Restaurants in many parts of the country are trying to navigate this strange in-between phase in which businesses are beginning to open and welcome customers back inside their doors. Your employees, customers and you may still be unsure about how to adequately protect everyone’s health at this stage – and people’s concerns about how to balance health and economic challenges still run the gamut. As much as you can, use clear signage at your front door and on your website homepage about your restaurant’s current safety policies and the wearing of masks indoors and when social distancing is difficult. If you are being stringent with employees about the wearing of masks, make sure you have extra masks at your front door so any unmasked person entering your restaurant can wear one too – and politely refuse service to anyone who doesn’t cooperate. It’s possible to welcome people back and emphasize how much you have missed them while also ensuring you protect your business in the ways you and your state authorities see fit.
Restaurants are used to having to protect food safety and minimize the chances of employee illness transmission and injury on the job, but the current situation requires extra precautions. First, ensure your staff is clear on your new protocols, and provide any new rules verbally and in print, and in different languages as needed. When you need to talk as a group or exchange documents, use technology as much as possible to limit in-person interactions. Within your establishment in both the front and back of house, make it easier to follow social distancing protocols and avoid congregating by marking off areas on the floor to separate people, tables and preparation areas. Take extra care with your handwashing stations to ensure they are well stocked – scrubbing with regular soap is the best defense against the spread of both the coronavirus and foodborne pathogens. Finally, make sure your team knows you take safety seriously: It’s a given that if they are sick or show symptoms of illness, they should not feel pressured or incentivized to work. But what’s your protocol if employees have recently been in contact with an infected person but have tested negative themselves? Anticipating your responses to such questions can help protect your team and business.
As restaurants and other businesses reopen and people gather in greater numbers, there is a risk of increased cases of Covid-19. Your cleaning practices, cleaning materials and labor scheduling plan needs to keep pace with the new environment. Chris Boyles, vice president of food safety at Steritech, told Restaurant Dive that cleaning costs will look different for restaurants now. For example: Do you have sufficient staff on hand to carry out your enhanced cleaning procedures? Are you using disinfectants that have been approved by the EPA for use against COVID-19? If one of your employees tests positive for the virus and you need to close your premises for cleaning, what will it cost to hire a third-party disinfection service if required? Anticipating these costs and planning for them may help you avoid having to pay more than needed as you ensure your business is clean and ready to serve guests.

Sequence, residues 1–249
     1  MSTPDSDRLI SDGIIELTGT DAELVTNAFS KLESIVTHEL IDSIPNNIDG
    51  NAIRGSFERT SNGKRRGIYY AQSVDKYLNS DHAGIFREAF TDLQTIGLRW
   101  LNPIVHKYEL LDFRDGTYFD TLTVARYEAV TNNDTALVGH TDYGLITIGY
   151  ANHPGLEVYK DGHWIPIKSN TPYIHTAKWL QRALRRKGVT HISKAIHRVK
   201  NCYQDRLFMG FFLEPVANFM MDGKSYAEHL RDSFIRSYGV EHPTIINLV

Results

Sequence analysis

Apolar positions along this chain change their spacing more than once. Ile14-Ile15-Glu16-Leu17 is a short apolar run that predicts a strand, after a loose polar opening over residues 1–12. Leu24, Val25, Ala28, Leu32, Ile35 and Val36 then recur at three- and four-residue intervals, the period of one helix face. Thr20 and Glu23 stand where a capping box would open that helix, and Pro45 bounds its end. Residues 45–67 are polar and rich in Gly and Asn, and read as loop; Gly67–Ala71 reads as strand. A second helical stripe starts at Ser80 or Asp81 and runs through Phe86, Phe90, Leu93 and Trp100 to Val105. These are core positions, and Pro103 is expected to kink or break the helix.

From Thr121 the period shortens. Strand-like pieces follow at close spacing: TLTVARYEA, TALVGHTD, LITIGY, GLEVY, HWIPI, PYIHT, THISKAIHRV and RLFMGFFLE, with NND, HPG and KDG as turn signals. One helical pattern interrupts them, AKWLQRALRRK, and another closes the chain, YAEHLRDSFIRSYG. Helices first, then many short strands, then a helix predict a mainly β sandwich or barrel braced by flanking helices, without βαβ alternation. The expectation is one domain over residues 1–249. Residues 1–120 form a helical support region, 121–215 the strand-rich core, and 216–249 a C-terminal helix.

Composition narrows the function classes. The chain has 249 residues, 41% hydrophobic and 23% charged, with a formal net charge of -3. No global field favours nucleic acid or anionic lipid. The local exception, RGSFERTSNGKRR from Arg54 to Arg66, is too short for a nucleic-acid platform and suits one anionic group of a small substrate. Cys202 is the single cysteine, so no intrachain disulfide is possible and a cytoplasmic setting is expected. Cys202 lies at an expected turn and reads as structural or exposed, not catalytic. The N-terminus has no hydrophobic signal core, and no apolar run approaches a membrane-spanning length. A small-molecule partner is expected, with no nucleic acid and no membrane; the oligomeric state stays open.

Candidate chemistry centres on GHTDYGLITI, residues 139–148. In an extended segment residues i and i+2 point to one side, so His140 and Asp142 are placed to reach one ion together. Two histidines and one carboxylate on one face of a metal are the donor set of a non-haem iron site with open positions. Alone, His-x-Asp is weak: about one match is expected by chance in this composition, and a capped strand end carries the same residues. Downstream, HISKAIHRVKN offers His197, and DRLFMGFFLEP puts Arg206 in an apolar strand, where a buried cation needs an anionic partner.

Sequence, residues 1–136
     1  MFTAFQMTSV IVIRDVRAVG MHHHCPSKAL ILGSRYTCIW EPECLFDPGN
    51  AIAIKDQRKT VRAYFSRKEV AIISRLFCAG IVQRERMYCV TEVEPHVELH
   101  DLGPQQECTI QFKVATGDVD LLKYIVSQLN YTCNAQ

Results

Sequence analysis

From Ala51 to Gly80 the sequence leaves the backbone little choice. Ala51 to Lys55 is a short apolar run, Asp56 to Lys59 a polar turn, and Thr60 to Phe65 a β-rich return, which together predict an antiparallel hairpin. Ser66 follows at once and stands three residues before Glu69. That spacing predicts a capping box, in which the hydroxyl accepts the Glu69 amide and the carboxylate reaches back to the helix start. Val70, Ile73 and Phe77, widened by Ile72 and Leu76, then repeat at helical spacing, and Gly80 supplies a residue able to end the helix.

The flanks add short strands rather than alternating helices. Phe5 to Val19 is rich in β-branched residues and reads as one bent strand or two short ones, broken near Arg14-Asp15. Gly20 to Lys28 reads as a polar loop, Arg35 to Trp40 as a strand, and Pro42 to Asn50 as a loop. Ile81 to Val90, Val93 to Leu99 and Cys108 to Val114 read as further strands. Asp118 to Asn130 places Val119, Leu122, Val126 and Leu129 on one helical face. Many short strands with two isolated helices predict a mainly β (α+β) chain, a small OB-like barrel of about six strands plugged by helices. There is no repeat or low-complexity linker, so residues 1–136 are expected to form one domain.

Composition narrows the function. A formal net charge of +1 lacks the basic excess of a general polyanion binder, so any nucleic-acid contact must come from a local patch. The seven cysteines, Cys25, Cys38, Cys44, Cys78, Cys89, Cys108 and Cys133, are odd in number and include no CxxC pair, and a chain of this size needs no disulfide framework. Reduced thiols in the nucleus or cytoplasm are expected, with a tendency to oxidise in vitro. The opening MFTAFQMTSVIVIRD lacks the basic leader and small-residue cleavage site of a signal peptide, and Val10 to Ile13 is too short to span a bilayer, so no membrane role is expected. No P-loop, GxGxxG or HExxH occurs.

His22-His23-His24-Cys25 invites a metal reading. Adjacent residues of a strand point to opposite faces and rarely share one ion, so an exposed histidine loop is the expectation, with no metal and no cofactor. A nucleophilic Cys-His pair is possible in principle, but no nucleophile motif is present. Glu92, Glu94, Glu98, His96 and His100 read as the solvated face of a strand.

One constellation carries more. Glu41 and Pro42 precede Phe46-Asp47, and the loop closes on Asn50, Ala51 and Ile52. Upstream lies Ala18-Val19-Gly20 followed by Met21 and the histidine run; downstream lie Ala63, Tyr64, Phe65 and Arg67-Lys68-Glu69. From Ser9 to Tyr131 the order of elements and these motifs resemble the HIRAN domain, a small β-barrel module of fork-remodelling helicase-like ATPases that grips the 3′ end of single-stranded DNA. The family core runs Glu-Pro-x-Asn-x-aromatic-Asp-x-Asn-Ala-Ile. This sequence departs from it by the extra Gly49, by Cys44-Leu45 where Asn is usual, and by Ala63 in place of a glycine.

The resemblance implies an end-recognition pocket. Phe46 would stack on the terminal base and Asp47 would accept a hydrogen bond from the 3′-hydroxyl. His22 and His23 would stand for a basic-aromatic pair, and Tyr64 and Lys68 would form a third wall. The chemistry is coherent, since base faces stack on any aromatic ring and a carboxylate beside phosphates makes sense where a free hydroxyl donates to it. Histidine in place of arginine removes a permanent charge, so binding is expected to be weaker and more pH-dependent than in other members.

If you are transporting food to customers or using outside providers to do so, make sure the steps you are taking to keep your facility clean and sanitized are also being used to keep food safe in transit. Beyond practicing social distancing when dropping off food and offering no-contact deliveries, the FDA advises the regular wiping down of surfaces within delivery vehicles and on touchpads using household cleaning sprays or wipes. Secure the wrapping and packaging you use for takeout food to prevent contamination and regularly clean and sanitize the coolers and insulated bags you use to carry food for delivery.
Cleanliness has new importance right now – both to your employees and your customers. As you prepare to bring people back into your establishment in greater numbers, promote the actions you are taking to protect everyone’s health and safety. Hyatt, for one, recently announced it is revamping its cleanliness guidelines and appointing a hygiene manager to each of its hotels in the coming months to ensure adherence to the new procedures. Now could be a good time to update your own cleaning procedures and do the kind of deep cleaning and disinfection that is difficult to take on in busier times. When is the last time you steam cleaned your walk-in cooler? Beyond cleaning and disinfecting surfaces such as tables, counters, touchscreens, faucets and light switches, focus on hard-to-reach areas in and around appliances, remote controls, keyboards and other electronics with recessed buttons that can harbor pathogens. While carrying out these cleaning tasks is simply part of running a restaurant, the public has never been more interested in knowing how you’re keeping them safe.